- Failing to check for water entry around the O2 sensor wire harness. If you’ve got water damage due to faulty seals or a loose connection, it will ruin the wiring, sensor or both.
- Failing to check the O2 sensor itself for oil or carbon contamination. When an O2 sensor hasn’t been functioning properly for a while, it’s easy for carbon to build up in the exhaust system before breaking off in chunks and clogging up various parts of the emissions system.
- Failing to check the resistance, voltage and current on a new O2 sensor to make sure the wiring harness and connection to the ECM are functioning correctly.
- Replacing any parts before you’ve done a thorough visual inspection and checked all wiring with a multimeter. Swapping out an O2 sensor is useless if you didn’t fix the broken wiring that was causing the P0135 trouble code in the first place.
How serious is this?
Without fully functional O2 sensors, your vehicle’s ECM can’t adjust engine fuel injectors to keep the fuel/air mixture balanced for each combustion cycle. This will effectively put the ECM into an open loop until the O2 system is repaired or the O2 sensor starts working again.
While stuck in that open loop, your engine will run extra rich. That means wasted fuel and excessive carbon build up that can cause expensive damage to your exhaust or other engine components when it eventually breaks loose and gets lodged someplace it doesn’t belong.
What repairs can fix the code?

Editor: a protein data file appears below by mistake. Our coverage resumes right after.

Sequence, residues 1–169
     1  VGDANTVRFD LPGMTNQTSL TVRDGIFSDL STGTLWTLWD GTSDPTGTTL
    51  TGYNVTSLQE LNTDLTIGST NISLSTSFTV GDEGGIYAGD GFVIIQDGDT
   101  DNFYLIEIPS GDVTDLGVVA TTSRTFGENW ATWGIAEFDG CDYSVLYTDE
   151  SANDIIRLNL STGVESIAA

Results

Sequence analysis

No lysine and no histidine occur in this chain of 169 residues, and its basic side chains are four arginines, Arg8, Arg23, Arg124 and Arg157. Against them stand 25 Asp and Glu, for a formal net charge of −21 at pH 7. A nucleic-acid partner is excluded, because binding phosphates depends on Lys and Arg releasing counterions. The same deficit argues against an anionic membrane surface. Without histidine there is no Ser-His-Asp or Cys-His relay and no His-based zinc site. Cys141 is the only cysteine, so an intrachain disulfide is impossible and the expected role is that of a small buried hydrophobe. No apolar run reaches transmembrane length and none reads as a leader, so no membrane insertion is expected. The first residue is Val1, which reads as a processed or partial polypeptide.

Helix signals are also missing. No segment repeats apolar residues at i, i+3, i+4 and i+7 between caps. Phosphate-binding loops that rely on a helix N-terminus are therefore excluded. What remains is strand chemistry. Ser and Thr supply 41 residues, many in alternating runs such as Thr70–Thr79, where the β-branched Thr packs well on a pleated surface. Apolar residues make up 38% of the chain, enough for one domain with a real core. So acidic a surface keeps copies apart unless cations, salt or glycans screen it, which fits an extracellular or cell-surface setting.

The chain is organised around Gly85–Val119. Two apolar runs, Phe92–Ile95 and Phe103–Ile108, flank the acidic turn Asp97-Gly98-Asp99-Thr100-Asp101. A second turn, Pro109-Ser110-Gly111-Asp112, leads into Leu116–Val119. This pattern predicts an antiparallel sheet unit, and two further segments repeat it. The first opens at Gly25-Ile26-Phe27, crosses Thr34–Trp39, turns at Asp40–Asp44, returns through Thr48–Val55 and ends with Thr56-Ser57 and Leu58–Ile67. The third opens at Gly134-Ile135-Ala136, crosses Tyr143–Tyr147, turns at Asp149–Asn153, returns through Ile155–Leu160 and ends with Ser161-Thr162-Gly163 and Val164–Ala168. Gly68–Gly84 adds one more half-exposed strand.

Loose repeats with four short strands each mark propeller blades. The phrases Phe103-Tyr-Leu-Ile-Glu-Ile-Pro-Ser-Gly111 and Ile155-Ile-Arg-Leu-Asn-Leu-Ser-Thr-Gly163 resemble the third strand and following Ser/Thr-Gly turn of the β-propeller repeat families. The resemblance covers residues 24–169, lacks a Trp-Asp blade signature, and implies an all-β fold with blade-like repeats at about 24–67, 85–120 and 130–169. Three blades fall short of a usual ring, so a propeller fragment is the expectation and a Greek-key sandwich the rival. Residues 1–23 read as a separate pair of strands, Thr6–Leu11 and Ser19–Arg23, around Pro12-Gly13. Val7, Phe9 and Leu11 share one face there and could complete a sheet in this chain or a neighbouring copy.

Here are the typical repairs for making a P0135 go away and prevent long term damage.
- Replace the O2 sensor. It’s definitely not the least expensive or best option, but it often does the trick. You want to do all you can to verify the O2 sensor is the problem first, though. Not following troubleshooting steps is a great way to spend money and not fix your problem.
- Repairing or replacing the wiring or connection to the O2 sensor. Fixing wiring and connectors should be your starting point when dealing with any ECM sensor issues. Nothing else prevents unnecessary repairs like taking the time to verify the wiring and connectors are all in good working order.
- Swapping out the heater circuit fuse once you’ve fixed any short circuit in the connection between the O2 sensor and the ECM. This is a cheap fix and probably the best case scenario if you read a P0135 trouble code. Fixing a short circuit is a simple matter of wrapping some automotive electrical tape over frayed insulation, removing the old fuse and installing a fresh one.
Rough idle at startup and check engine light isn’t a guaranteed O2 sensor problem, but in our experience it’s the most likely explanation. When your check engine light comes on, hook up your OBD-II scanner to check for a P0135. If you aren’t the DIY type, take it to your local shop to get it checked out. Trained mechanics are experts at spotting those tiny wiring defects and connector problems most DIYers tend to overlook. A thorough mechanic may save you significant time and money fixing your problem right the first time..